91. ...
  92. *** You can now use '`?`' in 'dired-do-shell-command'.
  93. It gets replaced by the current file name, like ' ? '.
  94. ...
  95. *** In wdired, when editing files to contain slash characters,
  96. the resulting directories are automatically created. Whether to do
  97. this is controlled by the 'wdired-create-parent-directories' variable.
  98. ...
  99. *** 'W' is now bound to 'browse-url-of-dired-file', and is useful for
  100. viewing HTML files and the like.
  101. ...
  102. *** New 'M-RET' command for opening a link at point in a new eww buffer.
  103. ...
  104. *** A new 's' command for switching to another eww buffer via the minibuffer.
  105. ...
  106. *** New connection method "gdrive", which allows to access Google
  107. Drive onsite repositories.
  108. ...
  109. *** Tramp is able now to send SIGINT to remote asynchronous processes.
  110. ...
  111. *** Support for completing attribute values, at-rules, bang-rules,
  112. HTML tags, classes and IDs using the 'completion-at-point' command.
  113. Completion candidates for HTML classes and IDs are retrieved from open
  114. HTML mode buffers.
  115. ...
  116. *** CSS mode now binds 'C-h S' to a function that will show
  117. information about a CSS construct (an at-rule, property, pseudo-class,
  118. pseudo-element, with the default being guessed from context). By
  119. default the information is looked up on the Mozilla Developer Network,
  120. but this can be customized using 'css-lookup-url-format'.
  121. ...
  122. *** CSS colors are fontified using the color they represent as the
  123. background. For instance, #ff0000 would be fontified with a red
  124. background.
  125. ...
  126. *** Opening a .h file will turn C or C++ mode depending on language used.
  127. This is done with the help of 'c-or-c++-mode' function which analyses
  128. contents of the buffer to determine whether it's a C or C++ source
  129. file.
  130. ...
  131. *** Enchant is now supported as a spell-checker.
  133. Enchant is a meta-spell-checker that uses providers
  134. such as Hunspell to do the actual checking. With it, users can use
  135. spell-checkers not directly supported by Emacs, such as Voikko, Hspell
  136. and AppleSpell, more easily share personal word-lists with other
  137. programs, and configure different spelling-checkers for different
  138. languages. (Version 2.1.0 or later of Enchant is required.)
  139. ...
  140. *** A new submode of 'html-mode', 'mhtml-mode', is now the default
  141. mode for *.html files. This mode handles indentation,
  142. fontification, and commenting for embedded JavaScript and CSS.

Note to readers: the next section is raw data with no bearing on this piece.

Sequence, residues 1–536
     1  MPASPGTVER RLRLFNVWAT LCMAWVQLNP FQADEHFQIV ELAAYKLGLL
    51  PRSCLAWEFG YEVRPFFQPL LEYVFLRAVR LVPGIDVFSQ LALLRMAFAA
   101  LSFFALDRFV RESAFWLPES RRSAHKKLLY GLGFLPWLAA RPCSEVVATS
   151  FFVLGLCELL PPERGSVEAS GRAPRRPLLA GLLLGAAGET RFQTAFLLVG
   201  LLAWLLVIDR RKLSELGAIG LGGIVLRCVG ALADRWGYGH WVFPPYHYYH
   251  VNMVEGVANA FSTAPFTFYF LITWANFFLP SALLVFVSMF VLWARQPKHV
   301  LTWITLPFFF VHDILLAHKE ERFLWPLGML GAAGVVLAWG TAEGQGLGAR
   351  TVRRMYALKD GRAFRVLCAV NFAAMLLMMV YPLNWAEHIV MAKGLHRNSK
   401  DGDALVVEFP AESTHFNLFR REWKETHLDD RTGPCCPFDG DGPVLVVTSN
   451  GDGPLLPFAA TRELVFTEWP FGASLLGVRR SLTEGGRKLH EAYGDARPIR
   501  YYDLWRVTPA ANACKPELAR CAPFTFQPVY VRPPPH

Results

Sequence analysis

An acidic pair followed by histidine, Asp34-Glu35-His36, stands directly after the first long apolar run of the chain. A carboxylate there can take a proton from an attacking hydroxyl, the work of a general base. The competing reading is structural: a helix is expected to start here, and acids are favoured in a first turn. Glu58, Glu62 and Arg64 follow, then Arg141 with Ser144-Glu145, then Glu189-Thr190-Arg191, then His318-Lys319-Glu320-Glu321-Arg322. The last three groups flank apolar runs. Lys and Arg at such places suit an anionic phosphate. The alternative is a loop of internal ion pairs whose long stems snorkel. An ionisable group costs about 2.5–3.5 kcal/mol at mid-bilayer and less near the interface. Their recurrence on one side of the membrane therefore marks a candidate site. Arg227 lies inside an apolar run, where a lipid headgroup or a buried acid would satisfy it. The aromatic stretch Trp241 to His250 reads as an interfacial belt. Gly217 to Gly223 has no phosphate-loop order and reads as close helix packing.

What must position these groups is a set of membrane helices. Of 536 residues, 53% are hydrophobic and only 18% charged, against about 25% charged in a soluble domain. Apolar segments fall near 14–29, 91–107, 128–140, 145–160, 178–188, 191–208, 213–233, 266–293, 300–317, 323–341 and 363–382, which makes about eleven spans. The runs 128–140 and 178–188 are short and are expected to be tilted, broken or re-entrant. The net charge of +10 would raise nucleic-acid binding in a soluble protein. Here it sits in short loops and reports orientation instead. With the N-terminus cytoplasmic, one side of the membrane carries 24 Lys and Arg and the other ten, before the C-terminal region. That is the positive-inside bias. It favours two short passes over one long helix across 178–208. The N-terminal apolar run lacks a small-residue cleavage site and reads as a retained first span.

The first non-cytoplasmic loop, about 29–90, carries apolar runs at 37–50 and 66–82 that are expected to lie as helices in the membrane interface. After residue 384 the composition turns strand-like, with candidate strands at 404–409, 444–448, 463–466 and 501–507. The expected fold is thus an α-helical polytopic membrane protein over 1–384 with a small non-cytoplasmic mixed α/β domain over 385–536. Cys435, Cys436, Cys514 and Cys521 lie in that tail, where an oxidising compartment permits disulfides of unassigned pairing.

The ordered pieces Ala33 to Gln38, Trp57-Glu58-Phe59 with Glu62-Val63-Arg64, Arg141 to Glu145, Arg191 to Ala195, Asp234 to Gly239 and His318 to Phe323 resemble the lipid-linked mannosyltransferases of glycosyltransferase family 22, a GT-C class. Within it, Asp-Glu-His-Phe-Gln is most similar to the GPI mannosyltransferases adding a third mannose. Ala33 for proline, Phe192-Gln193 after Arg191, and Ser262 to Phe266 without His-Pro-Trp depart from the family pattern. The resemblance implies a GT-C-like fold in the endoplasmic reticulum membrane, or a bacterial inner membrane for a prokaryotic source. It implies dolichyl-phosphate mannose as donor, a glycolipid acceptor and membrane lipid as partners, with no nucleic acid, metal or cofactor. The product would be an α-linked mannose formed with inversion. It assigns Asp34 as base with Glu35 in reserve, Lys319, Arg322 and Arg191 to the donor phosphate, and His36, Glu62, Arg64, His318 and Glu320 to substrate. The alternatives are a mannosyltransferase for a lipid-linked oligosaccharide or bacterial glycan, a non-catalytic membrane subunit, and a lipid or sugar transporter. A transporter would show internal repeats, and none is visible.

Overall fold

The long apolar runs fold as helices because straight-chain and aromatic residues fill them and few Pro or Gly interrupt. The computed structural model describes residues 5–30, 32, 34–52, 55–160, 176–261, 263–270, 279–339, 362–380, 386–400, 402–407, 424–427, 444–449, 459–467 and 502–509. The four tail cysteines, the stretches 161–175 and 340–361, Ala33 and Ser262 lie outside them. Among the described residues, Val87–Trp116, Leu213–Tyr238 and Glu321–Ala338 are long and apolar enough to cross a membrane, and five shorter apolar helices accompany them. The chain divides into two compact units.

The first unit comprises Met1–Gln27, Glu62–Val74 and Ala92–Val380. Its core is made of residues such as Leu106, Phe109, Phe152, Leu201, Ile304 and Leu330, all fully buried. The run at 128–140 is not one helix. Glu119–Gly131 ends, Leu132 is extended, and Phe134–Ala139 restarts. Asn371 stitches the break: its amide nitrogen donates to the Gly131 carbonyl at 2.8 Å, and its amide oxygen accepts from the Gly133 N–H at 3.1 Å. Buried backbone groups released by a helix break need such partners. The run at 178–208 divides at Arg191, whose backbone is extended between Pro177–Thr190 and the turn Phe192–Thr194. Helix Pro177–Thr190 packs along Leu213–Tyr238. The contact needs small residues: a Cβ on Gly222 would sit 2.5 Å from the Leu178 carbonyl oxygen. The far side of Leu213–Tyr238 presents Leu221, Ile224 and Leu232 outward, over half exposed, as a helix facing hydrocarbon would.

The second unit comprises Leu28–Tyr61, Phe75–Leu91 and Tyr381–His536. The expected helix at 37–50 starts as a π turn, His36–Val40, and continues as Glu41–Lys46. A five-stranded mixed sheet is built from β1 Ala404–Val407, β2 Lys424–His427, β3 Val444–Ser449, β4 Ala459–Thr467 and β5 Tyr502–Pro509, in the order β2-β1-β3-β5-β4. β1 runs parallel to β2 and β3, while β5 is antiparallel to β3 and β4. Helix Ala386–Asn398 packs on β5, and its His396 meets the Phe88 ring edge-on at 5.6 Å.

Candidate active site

143. ...
  144. ** New major mode 'less-css-mode' (a minor variant of 'css-mode') for
  145. editing Less files.
  146. ...
  147. ** 'C-up', 'C-down', 'C-left' and 'C-right' are now defined in term
  148. mode to send the same escape sequences that xterm does. This makes
  149. things like forward-word in readline work.
  150. ...
  151. ** 'min' and 'max' no longer round their results.
  152. Formerly, they returned a floating-point value if any argument was
  153. floating-point, which was sometimes numerically incorrect. For
  154. example, on a 64-bit host (max 1e16 10000000000000001) now returns its
  155. second argument instead of its first.
  156. ...
  157. ** To avoid confusion caused by "smart quotes", the reader no longer
  158. accepts Lisp symbols which begin with the following quotation
  159. characters: ‘’‛“”‟〞"', unless they are escaped with backslash.
  160. ...
  161. ** The function 'assoc' now takes an optional third argument TESTFN.
  162. This argument, when non-nil, is used for comparison instead of
  163. 'equal'.
  164. ...
  165. ** The new function 'buffer-hash' computes a fast, non-consing hash of
  166. a buffer's contents.
  167. ...
  168. ** 'car' and 'cdr' compositions 'cXXXr' and 'cXXXXr' are now part of Elisp.
  169. ...
  170. ** 'gensym' is now part of Elisp.
  171. ...
  172. ** Intercepting hotkeys on Windows 7 and later now works better.
  173. The new keyboard hooking code properly grabs system hotkeys such as
  174. Win-* and Alt-TAB, in a way that Emacs can get at them before the
  175. system. This makes the 'w32-register-hot-key' functionality work
  176. again on all versions of MS-Windows starting with Windows 7. On
  177. Windows NT and later you can now register any hotkey combination. (On
  178. Windows 9X, the previous limitations, spelled out in the Emacs manual,
  179. still apply.)
  180. ...
  181. ** 'process-attributes' on Darwin systems now returns more information.
  182. THIS MEANS M-x proced WORKS NOW ON OSX!!!
  183. ...
  184. ** Mousewheel and trackpad scrolling on macOS 10.7+ now behaves more
  185. like the macOS default. The new variables 'ns-mwheel-line-height',
  186. 'ns-use-mwheel-acceleration' and 'ns-use-mwheel-momentum' can be used
  187. to customize the behavior.